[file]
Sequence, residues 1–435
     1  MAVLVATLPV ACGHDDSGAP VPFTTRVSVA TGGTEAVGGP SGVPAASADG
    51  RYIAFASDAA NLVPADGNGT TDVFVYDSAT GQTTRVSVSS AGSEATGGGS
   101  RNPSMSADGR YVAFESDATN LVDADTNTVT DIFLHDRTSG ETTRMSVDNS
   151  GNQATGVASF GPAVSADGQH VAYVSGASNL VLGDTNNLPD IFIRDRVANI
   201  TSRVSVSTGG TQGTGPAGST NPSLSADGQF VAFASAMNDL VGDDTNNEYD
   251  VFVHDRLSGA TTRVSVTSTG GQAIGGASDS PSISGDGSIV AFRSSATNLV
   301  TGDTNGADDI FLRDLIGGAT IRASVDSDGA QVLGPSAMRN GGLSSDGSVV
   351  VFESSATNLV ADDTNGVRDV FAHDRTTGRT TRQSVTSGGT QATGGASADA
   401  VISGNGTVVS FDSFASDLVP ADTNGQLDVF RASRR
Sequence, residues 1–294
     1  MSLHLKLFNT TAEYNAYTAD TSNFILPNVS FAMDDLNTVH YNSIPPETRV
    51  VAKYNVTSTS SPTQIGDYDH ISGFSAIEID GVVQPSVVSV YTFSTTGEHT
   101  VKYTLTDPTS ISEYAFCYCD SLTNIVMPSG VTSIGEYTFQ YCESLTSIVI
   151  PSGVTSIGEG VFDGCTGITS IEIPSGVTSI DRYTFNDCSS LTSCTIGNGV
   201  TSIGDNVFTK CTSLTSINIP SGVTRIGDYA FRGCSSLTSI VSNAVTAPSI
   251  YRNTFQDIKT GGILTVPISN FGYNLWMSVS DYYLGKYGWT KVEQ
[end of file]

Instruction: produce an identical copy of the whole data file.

Sequence, residues 1–435
     1  MAVLVATLPV ACGHDDSGAP VPFTTRVSVA TGGTEAVGGP SGVPAASADG
    51  RYIAFASDAA NLVPADGNGT TDVFVYDSAT GQTTRVSVSS AGSEATGGGS
   101  RNPSMSADGR YVAFESDATN LVDADTNTVT DIFLHDRTSG ETTRMSVDNS
   151  GNQATGVASF GPAVSADGQH VAYVSGASNL VLGDTNNLPD IFIRDRVANI
   201  TSRVSVSTGG TQGTGPAGST NPSLSADGQF VAFASAMNDL VGDDTNNEYD
   251  VFVHDRLSGA TTRVSVTSTG GQAIGGASDS PSISGDGSIV AFRSSATNLV
   301  TGDTNGADDI FLRDLIGGAT IRASVDSDGA QVLGPSAMRN GGLSSDGSVV
   351  VFESSATNLV ADDTNGVRDV FAHDRTTGRT TRQSVTSGGT QATGGASADA
   401  VISGNGTVVS FDSFASDLVP ADTNGQLDVF RASRR
Sequence, residues 1–294
     1  MSLHLKLFNT TAEYNAYTAD TSNFILPNVS FAMDDLNTVH YNSIPPETRV
    51  VAKYNVTSTS SPTQIGDYDH ISGFSAIEID GVVQPSVVSV YTFSTTGEHT
   101  VKYTLTDPTS ISEYAFCYCD SLTNIVMPSG VTSIGEYTFQ YCESLTSIVI
   151  PSGVTSIGEG VFDGCTGITS IEIPSGVTSI DRYTFNDCSS LTSCTIGNGV
   201  TSIGDNVFTK CTSLTSINIP SGVTRIGDYA FRGCSSLTSI VSNAVTAPSI
   251  YRNTFQDIKT GGILTVPISN FGYNLWMSVS DYYLGKYGWT KVEQ